Neck pain can be caused by trauma, inflammation and even repetitive stress on related structures. In fact, among repetitive stress injuries (RSIs), neck and shoulder pain were most common at 25%, with wrist and hand pain coming a close second at 23%.1 . Interestingly, a large portion (55%) of RSIs occur while on the job and unfortunately some occupations are more at risk.2 There are also risks associated with common household chores and sporting activities. While most people who suffer from neck pain are not limited in their activities, one in 10 Canadians do experience some limitations.3
The following factors can increase the risk for developing neck pain:
|Lifestyle factors||Movement factors||Psychological and social factors|
|Smoking or exposure to environmental tobacco||Physical trauma, such as a car accident or sports injury||Poor psychological
|Repetitive and precision work||Prolonged sedentary positions|
|Poor work posture|
If the pain persists or worsens, you should seek treatment from a chiropractor or other qualified health professional. There are also steps you can take on your own that may help to reduce the pain and improve function. Follow these tips for living well:
Avoid sitting or standing for too long, as poor posture and sedentary behaviour are key causes of neck pain. Schedule frequent breaks into your day to get up and move. The free app Straighten Up Canada has simple, fast and easy exercises to keep you moving.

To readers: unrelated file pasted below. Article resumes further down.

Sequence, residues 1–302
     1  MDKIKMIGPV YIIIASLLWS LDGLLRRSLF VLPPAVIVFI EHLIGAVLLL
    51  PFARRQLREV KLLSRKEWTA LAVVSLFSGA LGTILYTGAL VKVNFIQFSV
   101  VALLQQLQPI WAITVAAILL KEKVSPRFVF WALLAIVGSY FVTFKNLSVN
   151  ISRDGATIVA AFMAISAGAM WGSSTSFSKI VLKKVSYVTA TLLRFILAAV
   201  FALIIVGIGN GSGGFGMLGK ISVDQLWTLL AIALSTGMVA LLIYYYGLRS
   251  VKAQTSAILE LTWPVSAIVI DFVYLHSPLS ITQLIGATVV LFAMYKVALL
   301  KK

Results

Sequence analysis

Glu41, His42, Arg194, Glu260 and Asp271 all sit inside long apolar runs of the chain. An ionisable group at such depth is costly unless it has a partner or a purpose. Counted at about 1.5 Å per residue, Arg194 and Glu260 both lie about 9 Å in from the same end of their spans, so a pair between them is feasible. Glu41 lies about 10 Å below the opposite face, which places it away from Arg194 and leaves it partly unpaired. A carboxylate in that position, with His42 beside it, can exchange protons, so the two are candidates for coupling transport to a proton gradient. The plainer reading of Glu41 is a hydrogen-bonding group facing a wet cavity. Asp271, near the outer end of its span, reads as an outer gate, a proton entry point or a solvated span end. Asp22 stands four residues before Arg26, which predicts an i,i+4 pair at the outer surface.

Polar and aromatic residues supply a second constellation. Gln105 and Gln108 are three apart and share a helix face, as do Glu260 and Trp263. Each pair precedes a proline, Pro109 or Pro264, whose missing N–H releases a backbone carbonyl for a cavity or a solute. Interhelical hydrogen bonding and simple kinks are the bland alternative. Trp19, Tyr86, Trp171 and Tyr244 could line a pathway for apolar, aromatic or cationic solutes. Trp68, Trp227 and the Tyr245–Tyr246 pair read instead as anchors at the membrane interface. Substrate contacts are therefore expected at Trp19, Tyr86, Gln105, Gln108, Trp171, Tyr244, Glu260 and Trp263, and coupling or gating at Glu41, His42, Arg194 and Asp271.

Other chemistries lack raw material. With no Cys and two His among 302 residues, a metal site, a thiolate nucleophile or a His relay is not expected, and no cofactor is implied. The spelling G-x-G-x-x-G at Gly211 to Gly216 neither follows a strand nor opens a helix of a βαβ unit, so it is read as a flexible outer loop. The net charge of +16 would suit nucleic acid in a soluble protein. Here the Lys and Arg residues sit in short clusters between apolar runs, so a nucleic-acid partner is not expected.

Check your work station set up to make sure it is optimized for your musculoskeletal health! In case you missed it, we wrote about office ergonomics in another blog post. Remember to sit with your spine in a neutral position, avoid jutting your chin forward or rounding your shoulders and keep your back muscles engaged.
Many of us hold stress and tension in the muscles surrounding our neck and shoulders, and this may cause pain or discomfort. By integrating relaxation techniques into your day, you can ease the tension, refocus and relieve the pain. Try breathing exercises, gentle stretches, walk at lunch or after dinner, get a massage or sign up for a yoga class.
Quite a bit of research has been conducted into effective treatments for neck pain. The Canadian Chiropractic Guideline Initiative has a number of valuable resources for patients suffering from neck pain. You may be surprised to learn, for instance, that neck collars are no longer recommended for whiplash patients because they are not effective. The number one recommendation is to return to normal levels of activity as soon as possible, consider reading self-management materials and introduce daily at-home exercises as directed by your chiropractor to your routine.
Anti-inflammatory medication can also be beneficial in the short-term, as well as manual therapy, including chiropractic, and acupuncture. Specifically, joint dysfunction of your cervical spine can limit your ability to move and also result in pain. Visit your chiropractor for a comprehensive assessment to help you address these issues.
1. Michael Tjepkema, “Repetitive Stress Injury,” Statistics Canada, Health Reports, Volume 14. No. 4.
2. Robin McGee, “Fit for Work? Musculoskeletal Disorders and the Canadian Labour Market,” The Work Foundation, May 2009.
3. Statistics Canada, 2014. Health Trends. Statistics Canada Catalogue No. 82-213-XWE. Ottawa. Released June 12, 2014.